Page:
Indebted Valencia asks Spain government for help, markets jolted
By Julien Toyer and Nigel Davies
MADRID (Reuters) - Spain's heavily indebted eastern region of Valencia said on Friday it would need financial help from Madrid, spooking financial markets and complicating central government efforts to stave off a full-blown sovereign bailout.
On a tumultuous afternoon, the government also cut its economic forecast for 2013, indicating the country would stay mired in recession well into next year after a contraction expected at 1.5 percent in 2012.
Valencia, Spain's most indebted region alongside its northern neighbor Catalonia, sought help under an 18-billion-euros ($22.1 billion) program passed on Thursday and aimed at helping the autonomous regions which, together with local authorities, account for around half of all public spending.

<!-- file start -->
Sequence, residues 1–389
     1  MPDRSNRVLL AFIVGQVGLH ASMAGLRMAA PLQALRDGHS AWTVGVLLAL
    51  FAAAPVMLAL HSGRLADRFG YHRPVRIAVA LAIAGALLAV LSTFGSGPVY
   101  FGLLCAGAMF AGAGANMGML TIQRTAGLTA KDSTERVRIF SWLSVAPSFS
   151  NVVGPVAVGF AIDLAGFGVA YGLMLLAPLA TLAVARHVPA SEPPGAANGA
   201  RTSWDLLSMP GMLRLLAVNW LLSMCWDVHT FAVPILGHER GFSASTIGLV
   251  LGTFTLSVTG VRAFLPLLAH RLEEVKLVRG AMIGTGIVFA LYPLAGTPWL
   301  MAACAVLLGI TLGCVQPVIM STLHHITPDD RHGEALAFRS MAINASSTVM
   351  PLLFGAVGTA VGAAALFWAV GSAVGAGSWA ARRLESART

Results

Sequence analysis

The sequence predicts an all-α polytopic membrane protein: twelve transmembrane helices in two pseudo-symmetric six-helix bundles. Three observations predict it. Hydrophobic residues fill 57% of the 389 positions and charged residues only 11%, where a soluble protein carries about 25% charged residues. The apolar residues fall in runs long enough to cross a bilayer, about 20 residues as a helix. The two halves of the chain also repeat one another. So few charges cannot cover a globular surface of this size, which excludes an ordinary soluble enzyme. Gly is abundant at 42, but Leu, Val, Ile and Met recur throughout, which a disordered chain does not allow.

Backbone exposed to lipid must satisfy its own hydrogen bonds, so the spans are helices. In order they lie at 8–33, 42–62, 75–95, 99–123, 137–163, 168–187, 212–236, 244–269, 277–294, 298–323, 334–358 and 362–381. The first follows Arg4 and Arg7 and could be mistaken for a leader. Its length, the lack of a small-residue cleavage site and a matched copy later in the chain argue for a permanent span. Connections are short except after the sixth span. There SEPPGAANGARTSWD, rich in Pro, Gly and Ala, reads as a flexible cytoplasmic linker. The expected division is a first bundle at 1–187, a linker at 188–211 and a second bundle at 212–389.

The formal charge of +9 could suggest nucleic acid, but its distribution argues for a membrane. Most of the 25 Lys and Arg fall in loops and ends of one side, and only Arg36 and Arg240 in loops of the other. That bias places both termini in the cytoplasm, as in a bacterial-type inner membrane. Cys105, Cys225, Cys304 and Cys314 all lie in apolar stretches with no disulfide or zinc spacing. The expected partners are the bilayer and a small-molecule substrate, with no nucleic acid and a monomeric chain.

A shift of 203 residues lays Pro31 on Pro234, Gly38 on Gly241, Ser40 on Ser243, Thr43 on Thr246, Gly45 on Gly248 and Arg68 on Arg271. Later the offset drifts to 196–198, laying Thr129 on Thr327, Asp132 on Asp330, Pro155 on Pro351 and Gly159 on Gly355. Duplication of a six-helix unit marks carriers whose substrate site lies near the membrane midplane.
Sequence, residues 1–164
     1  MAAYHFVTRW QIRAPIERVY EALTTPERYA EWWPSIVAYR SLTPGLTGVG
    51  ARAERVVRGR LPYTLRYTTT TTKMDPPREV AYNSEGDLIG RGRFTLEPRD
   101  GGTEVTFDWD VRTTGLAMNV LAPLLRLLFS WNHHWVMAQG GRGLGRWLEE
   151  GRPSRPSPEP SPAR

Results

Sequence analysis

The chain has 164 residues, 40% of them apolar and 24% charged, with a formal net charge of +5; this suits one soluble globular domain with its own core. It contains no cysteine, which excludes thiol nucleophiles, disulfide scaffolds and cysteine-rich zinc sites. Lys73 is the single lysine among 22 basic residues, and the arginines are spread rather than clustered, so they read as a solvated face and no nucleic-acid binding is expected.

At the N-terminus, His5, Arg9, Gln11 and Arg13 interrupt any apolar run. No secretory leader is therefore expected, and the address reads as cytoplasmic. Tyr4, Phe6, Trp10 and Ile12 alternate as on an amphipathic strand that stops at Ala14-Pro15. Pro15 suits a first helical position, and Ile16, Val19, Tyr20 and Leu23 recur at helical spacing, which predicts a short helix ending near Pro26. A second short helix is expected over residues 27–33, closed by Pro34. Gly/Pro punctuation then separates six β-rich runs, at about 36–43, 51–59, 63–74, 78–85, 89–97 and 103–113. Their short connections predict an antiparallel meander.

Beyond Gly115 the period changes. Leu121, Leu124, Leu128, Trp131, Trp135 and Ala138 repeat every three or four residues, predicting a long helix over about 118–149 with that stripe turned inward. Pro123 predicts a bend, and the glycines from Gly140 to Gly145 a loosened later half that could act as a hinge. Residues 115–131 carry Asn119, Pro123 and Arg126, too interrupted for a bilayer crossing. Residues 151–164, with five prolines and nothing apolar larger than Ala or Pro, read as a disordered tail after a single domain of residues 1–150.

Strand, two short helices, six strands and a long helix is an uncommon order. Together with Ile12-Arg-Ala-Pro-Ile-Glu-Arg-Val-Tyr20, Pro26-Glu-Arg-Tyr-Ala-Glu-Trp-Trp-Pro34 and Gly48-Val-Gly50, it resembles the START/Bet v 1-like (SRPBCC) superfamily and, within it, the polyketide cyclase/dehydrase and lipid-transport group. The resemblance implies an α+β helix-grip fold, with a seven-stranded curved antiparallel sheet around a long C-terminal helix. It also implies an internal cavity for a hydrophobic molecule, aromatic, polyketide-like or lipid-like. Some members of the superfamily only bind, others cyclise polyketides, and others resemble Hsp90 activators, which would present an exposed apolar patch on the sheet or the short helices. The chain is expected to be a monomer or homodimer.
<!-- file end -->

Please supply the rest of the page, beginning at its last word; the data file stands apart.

"Valencia, like in other autonomous regions, is suffering the consequences of the liquidity shortage in markets due to the economic crisis," the regional government said in a statement.
The program is funded by the Spanish Treasury but the regions keep full responsibility over the debt.
The troubled regions, as well as a banking sector beset by a burst property bubble, have pushed Spain's borrowing costs to record highs and pushed the country closer to requiring a full-scale bailout.
Euro zone finance ministers approved the terms of a loan of up to 100 billion euros ($123 billion) for Spain to recapitalize its banks on Friday. The exact size of the support will only be determined in September.
But the Valencia announcement sent the risk premium on Spanish government debt to a euro-era high on Friday as its borrowing costs climbed to a record 7.29 percent, a level considered unsustainable, with little relief likely soon. Continued...